Millions Blowing into the Windy City
Illinois just opened up the second-largest cannabis market...
There will soon be a pungent smell wafting through the Windy City…
Illinois just became the 11th state to legalize recreational cannabis when Governor J.B. Pritzker signed the bill into law on Tuesday. It was the first state to do so through the legislature — not a ballot initiative — meaning that the politicians are now comfortable enough with cannabis to pass these laws on their own.
This is a big deal.
Close to 13 million people live in Illinois — 2.7 million in Chicago alone. That immediately makes it the second-largest cannabis market in the U.S. behind California. Illinois could bring in hundreds of millions of dollars quickly, opening up one of the largest new cannabis investment areas in the country.
To put it in perspective, Colorado has around 5.7 million people. Its recreational marijuana industry brought in an astounding $1.5 billion last year alone, and over $6.5 billion since it legalized in 2014. $1 billion of that has gone directly to the state.
“It’s going very well,” said Colorado Governor Jared Polis. “It’s creating tens of thousands of jobs, tax revenue for the state, filling up buildings for landlords and reducing crime.”
“Although I like to tell my peer governors in other states ‘It’s not going well, don’t do it,'” the Governor joked. He clearly wants to keep much of that money for Colorado.
But the secret is out: cannabis has been a wild success and is bringing in record tax revenues for states. The political pendulum has swung completely in its favor, and we can expect to see every other state fall in line over the next few years.
I also anticipate that the federal government will finally have to lift the federal ban on cannabis — opening the floodgates entirely...
The Illinois announcement not only offers huge benefits for the investment community, but for impoverished communities, crime rates, and the prison-industrial complex.
The measure also allows the governor to pardon anyone with a criminal record for low-level cannabis crimes — which could clean the records for thousands of citizens and allow them to go back to work and become productive members of society.
It also provides licensing preference to minority cannabis shop owners as a kind of reparation for the war on drugs that had imprisoned minorities at a much heavier rate than the white majority. The ACLU found that blacks made up 15% of Illinois’ population, but accounted for 60% of cannabis arrests.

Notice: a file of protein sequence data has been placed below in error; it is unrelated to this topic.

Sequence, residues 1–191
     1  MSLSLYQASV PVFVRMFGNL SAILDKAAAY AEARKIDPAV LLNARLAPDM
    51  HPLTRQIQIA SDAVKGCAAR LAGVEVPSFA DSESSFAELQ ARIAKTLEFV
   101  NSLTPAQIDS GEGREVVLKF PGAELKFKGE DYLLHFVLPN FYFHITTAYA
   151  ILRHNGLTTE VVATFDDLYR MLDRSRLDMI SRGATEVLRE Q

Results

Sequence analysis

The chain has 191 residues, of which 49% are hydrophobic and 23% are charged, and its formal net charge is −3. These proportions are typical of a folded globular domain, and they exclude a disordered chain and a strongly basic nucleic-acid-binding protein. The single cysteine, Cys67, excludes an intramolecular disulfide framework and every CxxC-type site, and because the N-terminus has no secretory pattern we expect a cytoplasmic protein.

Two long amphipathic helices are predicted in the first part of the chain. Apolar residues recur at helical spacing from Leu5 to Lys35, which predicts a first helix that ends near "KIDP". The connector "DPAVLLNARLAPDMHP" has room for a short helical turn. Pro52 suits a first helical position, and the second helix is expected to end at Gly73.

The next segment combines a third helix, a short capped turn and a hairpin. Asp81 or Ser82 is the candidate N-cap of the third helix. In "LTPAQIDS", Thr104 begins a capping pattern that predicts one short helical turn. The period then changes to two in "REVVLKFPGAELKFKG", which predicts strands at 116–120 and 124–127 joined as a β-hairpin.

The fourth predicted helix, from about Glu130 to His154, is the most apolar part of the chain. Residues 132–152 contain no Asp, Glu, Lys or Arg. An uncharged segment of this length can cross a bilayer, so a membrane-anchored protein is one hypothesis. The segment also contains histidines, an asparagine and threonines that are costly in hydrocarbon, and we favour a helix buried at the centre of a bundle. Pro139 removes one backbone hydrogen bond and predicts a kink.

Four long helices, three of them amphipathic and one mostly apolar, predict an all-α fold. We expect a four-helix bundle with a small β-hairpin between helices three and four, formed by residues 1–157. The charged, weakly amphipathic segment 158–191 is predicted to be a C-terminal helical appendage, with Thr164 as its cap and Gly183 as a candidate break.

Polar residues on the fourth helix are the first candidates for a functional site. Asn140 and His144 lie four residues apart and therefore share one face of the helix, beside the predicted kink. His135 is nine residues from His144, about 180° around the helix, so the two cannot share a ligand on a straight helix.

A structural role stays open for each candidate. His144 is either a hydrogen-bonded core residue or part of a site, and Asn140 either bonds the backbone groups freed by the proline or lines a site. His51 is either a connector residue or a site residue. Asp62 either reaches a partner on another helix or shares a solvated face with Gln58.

“The war on cannabis has destroyed families, filled prisons with nonviolent offenders, and disproportionately disrupted black and brown communities,” Gov. Pritzker said. “Law enforcement across the nation has spent billions of dollars to enforce the criminalization of cannabis, yet its consumption remains widespread.”
The governor also called for 25% of the taxes raised through cannabis sales to be reinvested in impoverished communities, with another 20% going to substance-abuse treatment programs.
It’s a very ambitious bill, to be sure.
But if the state can open up a potential billion-dollar industry, create thousands of new jobs, bring people the opportunities to get out of poverty, and reduce the number of its citizens rotting away in prison, it could be a model for other struggling cities and states.
Cities like Baltimore, my home...
Chicago and Baltimore have a lot in common. Sadly, I’m not just talking about waterfronts downtown or struggling baseball teams...
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We both have dreadful crime problems, resulting in massive prison overcrowding.
765 people were murdered in Chicago last year; 2.81 people per ten thousand. That’s good enough for number 24 for murder rates in the U.S.
Baltimore, however, had 318 murders last year; 5.14 people per ten thousand. That ranks us number 5.
For those keeping score, East St. Louis — also in Illinois — claimed the top spot with 10 murders per ten thousand.
Most of this violence is drug related. Most of the prison population is there because of drug-related charges. While many of these crimes have nothing to do with marijuana, the fact is that by taking petty marijuana crimes off the table, it not only takes that product out of the drug dealer’s tool kit, but it opens up the police force to deal with more serious crimes.
Baltimore State's Attorney Marilyn Mosby identified that clear problem, and announced that her office will not prosecute marijuana possession cases.
"Ask any mother who has lost a son to gun violence whether she wants us to spend more time solving and prosecuting her son's killer or to spend time on marijuana possession," Mosby said in a statement.
"It's not a close question."
Decriminalization is step one. Step two is opening up shop for legal cannabis, which Maryland is also looking into. The Maryland General Assembly task force began work this week for just that purpose. The force is in the early stages of determining how cannabis would be taxed, what effect it would have on crime, and how it would impact both criminal justice and public health.
A legalization bill could go to the assembly by 2020.
I believe legalization in this way is a moral imperative. Let's get focused on violent crime. Let's stop paying for people to waste away in prison for minor drug crimes. Let's put good people who made a minor mistake back to work.
And let's use the untold billions in tax dollars to make all of our lives better.
I think it's a foregone conclusion.
Jimmy is a managing editor for Outsider Club and the investment director of the personal finance advisory, The Crow's Nest, and cannabis stocks advisory, The Marijuana Manifesto. For more on Jimmy, check out his editor's page.
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